The Amah Mutsun Land Trust (AMLT), an initiative of the Amah Mutsun Tribal Band, is the vehicle by which the Amah Mutsun access, protect, and steward lands that are integral to their identity and culture. The AMLT returns their tribe to their ancestral lands and restores their role as environmental stewards. “Due to our difficult history and generations of physical, mental, and political abuses, our land stewardship practices were disrupted, and much of our culture was lost. AMLT serves not only in the re-learning of our history and restoration of indigenous management practices, it also serves as a vehicle for healing. By restoring our traditional ecological knowledge and revitalizing our relationship to Mother Earth, we also restore balance and harmony to the lands of our ancestors.”
The mission of Black Farmer Fund is to create a thriving, resilient, and equitable food system by investing in black food systems entrepreneurs and communities in New York. The Black Farmer Fund will also serve as a bridge for black communities to participate in creating a food system that benefits those within and outside of black communities. “We are defining wealth beyond financial and intellectual capital to include social capital and ancestral wisdom, to mitigate against climate change, exercise governance, strengthen solidarity, and preserve cultural and ancestral ways of being.”
You can amplify and support the #ReclaimBlackFriday campaign by:
- Directly supporting Indigenous or Black land-based organizations. You can find the direct links to each organization participating in this capaign here here, but there are many others you can support as well!
- Purchasing products from Black and Indigenous creators and businesses, and businesses that are taking the Redistribution Pledge - including tonlé!
- Tune into the panel or Instagram lives hosted by Reclaim Collaborative on deconstructing America’s history and future.
- Share content created by Indigenous and Black leaders to raise awareness on the problematic history of Thanksgiving and ways to consider redistribution during these holidays and beyond.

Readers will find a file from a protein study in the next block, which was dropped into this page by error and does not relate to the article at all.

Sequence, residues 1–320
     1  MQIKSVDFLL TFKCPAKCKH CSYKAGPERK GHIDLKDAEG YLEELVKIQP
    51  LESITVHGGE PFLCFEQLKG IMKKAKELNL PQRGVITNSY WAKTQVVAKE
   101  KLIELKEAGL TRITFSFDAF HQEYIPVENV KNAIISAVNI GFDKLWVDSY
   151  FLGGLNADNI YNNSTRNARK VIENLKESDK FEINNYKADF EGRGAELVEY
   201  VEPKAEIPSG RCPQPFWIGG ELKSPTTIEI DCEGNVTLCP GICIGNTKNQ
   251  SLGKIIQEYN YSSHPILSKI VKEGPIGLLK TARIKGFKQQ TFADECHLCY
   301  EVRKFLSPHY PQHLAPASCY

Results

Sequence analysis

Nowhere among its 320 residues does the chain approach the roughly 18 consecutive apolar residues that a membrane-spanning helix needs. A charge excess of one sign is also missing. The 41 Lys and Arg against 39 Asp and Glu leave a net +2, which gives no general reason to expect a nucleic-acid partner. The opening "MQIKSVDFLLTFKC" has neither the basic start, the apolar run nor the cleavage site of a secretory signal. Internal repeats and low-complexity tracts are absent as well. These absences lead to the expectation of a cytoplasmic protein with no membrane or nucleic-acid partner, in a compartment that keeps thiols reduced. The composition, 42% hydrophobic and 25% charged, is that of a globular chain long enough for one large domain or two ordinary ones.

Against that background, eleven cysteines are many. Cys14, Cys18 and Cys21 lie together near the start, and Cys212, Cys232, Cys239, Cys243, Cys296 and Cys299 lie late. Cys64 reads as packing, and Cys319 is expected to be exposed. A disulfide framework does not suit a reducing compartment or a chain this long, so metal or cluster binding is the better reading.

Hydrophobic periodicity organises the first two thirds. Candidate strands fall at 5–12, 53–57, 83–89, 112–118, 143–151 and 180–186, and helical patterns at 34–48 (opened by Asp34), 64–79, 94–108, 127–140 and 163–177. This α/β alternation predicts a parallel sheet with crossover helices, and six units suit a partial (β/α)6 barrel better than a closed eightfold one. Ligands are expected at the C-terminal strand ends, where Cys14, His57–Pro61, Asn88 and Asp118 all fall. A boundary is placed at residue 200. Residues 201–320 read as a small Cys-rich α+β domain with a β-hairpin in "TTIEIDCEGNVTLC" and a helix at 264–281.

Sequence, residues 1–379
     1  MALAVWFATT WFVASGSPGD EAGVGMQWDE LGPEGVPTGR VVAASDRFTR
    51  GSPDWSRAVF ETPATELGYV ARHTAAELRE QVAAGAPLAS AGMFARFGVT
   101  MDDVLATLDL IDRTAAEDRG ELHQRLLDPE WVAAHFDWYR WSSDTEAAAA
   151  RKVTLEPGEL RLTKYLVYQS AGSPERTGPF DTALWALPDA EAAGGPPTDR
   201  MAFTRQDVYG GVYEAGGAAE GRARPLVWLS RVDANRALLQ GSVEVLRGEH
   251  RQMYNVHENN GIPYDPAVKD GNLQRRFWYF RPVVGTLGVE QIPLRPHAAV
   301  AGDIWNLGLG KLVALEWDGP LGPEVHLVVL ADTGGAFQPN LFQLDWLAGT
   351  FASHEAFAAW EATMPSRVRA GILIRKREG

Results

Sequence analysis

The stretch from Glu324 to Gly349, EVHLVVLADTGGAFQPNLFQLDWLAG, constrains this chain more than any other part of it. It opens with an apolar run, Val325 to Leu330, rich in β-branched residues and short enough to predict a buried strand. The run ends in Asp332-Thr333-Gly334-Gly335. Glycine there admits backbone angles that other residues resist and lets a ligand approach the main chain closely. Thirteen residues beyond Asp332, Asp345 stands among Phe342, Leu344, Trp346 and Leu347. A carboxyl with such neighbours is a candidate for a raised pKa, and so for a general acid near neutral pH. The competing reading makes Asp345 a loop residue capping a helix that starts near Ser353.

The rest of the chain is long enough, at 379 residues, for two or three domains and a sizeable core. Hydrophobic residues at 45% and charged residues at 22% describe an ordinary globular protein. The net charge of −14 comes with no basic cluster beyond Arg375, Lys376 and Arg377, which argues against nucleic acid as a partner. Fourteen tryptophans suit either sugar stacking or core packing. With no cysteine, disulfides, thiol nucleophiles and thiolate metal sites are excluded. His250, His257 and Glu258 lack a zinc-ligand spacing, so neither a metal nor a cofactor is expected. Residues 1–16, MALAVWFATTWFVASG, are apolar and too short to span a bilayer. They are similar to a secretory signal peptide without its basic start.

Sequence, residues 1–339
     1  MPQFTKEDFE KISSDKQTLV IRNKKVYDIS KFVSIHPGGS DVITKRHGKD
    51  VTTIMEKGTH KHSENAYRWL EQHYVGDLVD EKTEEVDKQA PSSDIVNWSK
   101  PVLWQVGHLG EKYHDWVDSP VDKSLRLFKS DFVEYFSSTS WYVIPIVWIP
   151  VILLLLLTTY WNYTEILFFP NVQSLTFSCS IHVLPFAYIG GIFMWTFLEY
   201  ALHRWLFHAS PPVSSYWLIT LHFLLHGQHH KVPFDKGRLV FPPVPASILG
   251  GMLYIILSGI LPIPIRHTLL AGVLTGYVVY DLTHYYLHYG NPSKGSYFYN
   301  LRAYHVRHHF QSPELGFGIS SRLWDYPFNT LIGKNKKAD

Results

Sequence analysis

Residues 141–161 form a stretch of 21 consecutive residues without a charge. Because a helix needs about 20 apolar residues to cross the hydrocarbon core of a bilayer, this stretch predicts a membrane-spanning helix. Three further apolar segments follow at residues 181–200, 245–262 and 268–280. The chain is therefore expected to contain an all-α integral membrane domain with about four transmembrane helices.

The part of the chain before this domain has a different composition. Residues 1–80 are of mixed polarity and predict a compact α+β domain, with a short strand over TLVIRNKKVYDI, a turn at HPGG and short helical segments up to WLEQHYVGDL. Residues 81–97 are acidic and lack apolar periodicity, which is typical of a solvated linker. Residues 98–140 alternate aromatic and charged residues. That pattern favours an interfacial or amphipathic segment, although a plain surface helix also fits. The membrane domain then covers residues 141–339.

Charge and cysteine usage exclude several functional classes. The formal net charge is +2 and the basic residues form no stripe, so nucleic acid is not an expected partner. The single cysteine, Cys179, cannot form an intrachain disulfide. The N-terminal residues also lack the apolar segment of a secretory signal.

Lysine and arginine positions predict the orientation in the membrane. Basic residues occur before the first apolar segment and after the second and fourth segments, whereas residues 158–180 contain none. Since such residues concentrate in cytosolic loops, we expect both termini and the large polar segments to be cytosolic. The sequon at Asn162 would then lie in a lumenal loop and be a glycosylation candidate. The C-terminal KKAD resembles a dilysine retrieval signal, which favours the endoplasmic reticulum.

While tonlé doesn't currently make profit, we don't participate in extractive types of markups and margins typical in the fashion industry, and most of the leadership team of our organization are BIPOC, our business does have primarily white owners and investors - and it is important to acknowledge that fact, especially around a holiday that celebrates the forced removal and genocide of Indigenous people, and the day following it, Black Friday - which epitomizes the worst forms of extractive capitalism. White individuals have contributed to and benefited from harmful cycles of exploitation. It is, therefore, the responsibility of white individuals to help dismantle the systems that cause harm.
We are proud to co-sponsor this initiative alongside Reclaim Collaborative, Art of Citizenry, Chloe Jackman Photography, Meow Meow Tweet, Bryr, Ethical Style Journal, and Revivall. We are thrilled to be alongside these brands as well as Sotela, Windy Peak Vintage, Passion Lilie, Rebekah Vinyard, Rosemarine Textiles, Biome Slow Craft Collective, Slow Made, Coco Cooper Denim, and Grey Jays all taking the redistribution pledge.
Redistributing wealth is a small way we can help give back the stolen wealth and land. It is by no means the only way nor is it a panacea. If you are interested in learning more deeply about the history of this holiday and the here are a compiled list of resources to dive into:
- Racism and the Logic of Capitalism
- From Capitalism and Racism: Conjoined Twins
- Truthsgiving: The True History of Thanksgiving
- Decolonizing Thanksgiving: A Toolkit for Combatting Racism in Schools
- CNN Visits Tribe for National Day of Mourning
- Mashpee Wampanoag Tribe welcomed Pilgrims, but loses land on eve of Thanksgiving
- Pre-order ESJ's magazine issue 7 to support their work and gain in-depth knowledge on these topics.
Don't forget to also listen to the podcast version of the panel discussion available now on Art of Citizenry Podcast:
From “Thanksgiving” to Black Friday: Deconstructing America’s History + Future
Special thanks to Manpreet Kalra at Art of Citizenry, Katie Pruett at ESJ, and Faye Lessler at Sustaining Life, and Charlie Amáyá Scott of Diné Aesthetics for all playing an integral roll in bringing together this writing and the resources listed in this post.